Former Newport policeman and Island Royal driver Roger Poynter can look back on a life that has involved Princess Diana, Lord Louis Mountbatten, the Duke and Duchess of York, Muhammad Ali, Sir Edward Heath and Keith Mitchell. He still drives but now it’s usually a taxi service for his six grandchildren.
Born in north Hampshire, Roger began his working life as an apprentice garage mechanic and then became a storeman at Portals, where they make bank note paper. His life changed in 1959 when he left his country lifestyle, of being born and bred on a farm, to join the Metropolitan Police.
Stationed in Holloway, his beat included a nearby prison and home matches at Arsenal. He was called into Central London for the ban the bomb marches and on the day of Winston Churchill’s funeral he spent hours freezing at Cleopatra’s Needle.
Being in the escort party for the Muhammad Ali v Henry Cooper 1966 World Heavyweight title fight at Highbury was a highlight. He spent some time alone with Ali in his dressing room.
“I had never seen such a physique. He had muscles where I didn’t even know they existed and he did the Ali shuffle in front of the full length mirror and said to me ‘aren’t I just the greatest heavyweight you’ve ever seen?’ I just couldn’t believe it,” reflected Roger.
On one not such a memorable occasion, as a rookie beat copper, Roger was picked up by the station car on a damp night and offered a lift. He couldn’t believe his luck – but they drove him up the A1 to Hertfordshire and dumped him in the middle of the road, with his top coat and helmet still in the car. He had to thumb a lift back with a lorry driver and finally made it back to the station – much to the delight of his celebrating colleagues.
Roger, who had also made his mark as a top sportsman in the police, came to the Island in 1968, after two years at Fleet with Hampshire Constabulary. He came here as a traffic driver and for around 20 years drove our Royal visitors.
When Lord Louis Mountbatten was the Island governor, Roger got to know him well and drove him all the time. On one occasion they were early for an engagement at Carisbrooke Castle and Lord Louis suggested they parked the car and went for a walk. They ended up strolling up Betty Haunt Lane. On another occasion Roger arrived at the Royal Yacht Squadron to find him asleep. Eventually they got under way to Shanklin but at Northwood Garage the governor realised he had left his speech behind. Time was tight but they went back to retrieve it and then Roger got stuck behind a cement mixer. Eventually, despite going faster than he should have done, Roger arrived late and was told off by the special branch official.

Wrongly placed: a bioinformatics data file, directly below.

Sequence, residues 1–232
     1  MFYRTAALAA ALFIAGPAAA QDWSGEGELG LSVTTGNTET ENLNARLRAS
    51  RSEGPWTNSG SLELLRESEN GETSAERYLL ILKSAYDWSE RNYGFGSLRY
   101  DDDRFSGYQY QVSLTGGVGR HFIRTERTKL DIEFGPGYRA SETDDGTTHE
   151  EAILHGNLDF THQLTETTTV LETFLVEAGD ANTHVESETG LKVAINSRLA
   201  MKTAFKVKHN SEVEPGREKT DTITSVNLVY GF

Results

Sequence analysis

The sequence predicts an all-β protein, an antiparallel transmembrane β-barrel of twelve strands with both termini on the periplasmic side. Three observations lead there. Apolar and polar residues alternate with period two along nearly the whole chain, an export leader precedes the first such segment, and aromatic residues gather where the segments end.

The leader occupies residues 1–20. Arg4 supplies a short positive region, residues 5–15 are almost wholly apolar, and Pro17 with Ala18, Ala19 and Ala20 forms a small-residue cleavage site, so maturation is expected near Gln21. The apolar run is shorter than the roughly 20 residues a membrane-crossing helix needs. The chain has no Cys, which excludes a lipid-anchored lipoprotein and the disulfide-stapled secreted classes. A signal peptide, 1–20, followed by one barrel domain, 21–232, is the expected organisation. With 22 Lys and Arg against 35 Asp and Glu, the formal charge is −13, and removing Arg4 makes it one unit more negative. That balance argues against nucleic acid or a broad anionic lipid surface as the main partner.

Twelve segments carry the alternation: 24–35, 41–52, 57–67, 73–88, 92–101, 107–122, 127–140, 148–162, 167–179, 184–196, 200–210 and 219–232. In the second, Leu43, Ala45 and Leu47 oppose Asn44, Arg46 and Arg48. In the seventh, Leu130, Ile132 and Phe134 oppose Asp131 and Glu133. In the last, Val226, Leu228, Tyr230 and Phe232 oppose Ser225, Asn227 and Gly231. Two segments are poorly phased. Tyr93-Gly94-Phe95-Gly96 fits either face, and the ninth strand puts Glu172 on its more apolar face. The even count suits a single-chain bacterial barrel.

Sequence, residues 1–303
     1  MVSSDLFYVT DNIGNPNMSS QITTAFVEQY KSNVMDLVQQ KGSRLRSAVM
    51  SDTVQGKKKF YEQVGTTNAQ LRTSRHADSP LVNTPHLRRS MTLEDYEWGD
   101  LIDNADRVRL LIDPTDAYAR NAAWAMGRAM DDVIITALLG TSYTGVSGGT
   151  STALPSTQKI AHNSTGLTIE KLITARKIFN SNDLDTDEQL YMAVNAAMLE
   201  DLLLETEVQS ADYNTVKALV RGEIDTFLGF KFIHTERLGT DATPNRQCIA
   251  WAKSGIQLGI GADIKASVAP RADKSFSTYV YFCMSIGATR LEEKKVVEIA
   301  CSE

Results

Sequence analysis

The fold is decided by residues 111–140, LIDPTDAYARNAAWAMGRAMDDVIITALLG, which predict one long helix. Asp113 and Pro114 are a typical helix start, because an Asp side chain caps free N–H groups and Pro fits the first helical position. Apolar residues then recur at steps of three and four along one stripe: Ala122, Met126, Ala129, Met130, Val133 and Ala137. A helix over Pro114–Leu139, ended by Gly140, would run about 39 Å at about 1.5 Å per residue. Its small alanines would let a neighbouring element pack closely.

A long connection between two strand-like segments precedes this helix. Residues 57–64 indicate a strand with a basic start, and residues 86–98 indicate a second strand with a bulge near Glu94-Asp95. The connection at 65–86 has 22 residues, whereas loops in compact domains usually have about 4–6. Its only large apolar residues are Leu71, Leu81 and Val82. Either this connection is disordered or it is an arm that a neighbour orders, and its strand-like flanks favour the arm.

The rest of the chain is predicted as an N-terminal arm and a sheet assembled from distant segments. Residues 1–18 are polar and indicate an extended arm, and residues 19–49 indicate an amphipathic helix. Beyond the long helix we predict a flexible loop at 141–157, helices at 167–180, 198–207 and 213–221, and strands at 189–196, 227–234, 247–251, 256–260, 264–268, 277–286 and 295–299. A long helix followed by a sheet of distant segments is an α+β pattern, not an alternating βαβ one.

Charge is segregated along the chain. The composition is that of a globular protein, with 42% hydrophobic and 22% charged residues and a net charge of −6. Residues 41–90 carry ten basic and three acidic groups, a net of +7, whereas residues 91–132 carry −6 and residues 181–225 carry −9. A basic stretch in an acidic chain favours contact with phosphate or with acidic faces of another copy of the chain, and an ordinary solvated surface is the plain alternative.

Driving Princess Diana on May 30, 1985, was a milestone. The day before, they had borrowed a funeral car and Roger noticed a particular smell and promptly put some scent cards in overnight. Just after he took them out the next morning the police dog jumped in the back seat with dirty paws, which meant a hasty clean-up job.
Roger admitted that when he was driving Princess Diana she said to him: “If I didn’t know any better, I would think this is an undertaker’s vehicle.”
At Sandown Airport she broke away from the dignitaries to personally thank Roger for driving her for the day.
“I had a chief super nearby who rushed over afterwards to ask me what she said. I told him it was a private conversation and wouldn’t tell him.”
Once when he was driving the Duchess of Kent to the Hospice, Roger completely split his trousers from crutch to waistband and had to send home for another suit. The Princess did not notice but her detective spotted it. Roger denied it, of course.
Roger was also involved with our two major pop festivals. In ’69, at Wootton, his police car twice broke down and was pushed by the hippies coming out of the site and a year later he was at Afton Down at 6am every morning to help keep an eye on 600,000 music fans.
Off duty, Roger played in a brilliant Newport Cricket Club team who went for so long unbeaten. There was not a weakness in their team who included Keith Golding, Alan Gurney, Mick Blackman and one of the greatest batsmen the Island has ever produced, Keith Mitchell. They would have been a force in league cricket today.
Roger, who retired from the police in 1993, is a keen member of the Freemason’s Albany Lodge and spends hours on his allotment, well this is according to his lovely wife Pauline, and enjoys family life with his son Martin and daughter Claire and six grandchildren.
Roger has made so many friends here on the Island – and some of us have breathed rather heavily on occasions, particularly with blue lights and cop cars. Only to find it was a little fun from PC Poynter.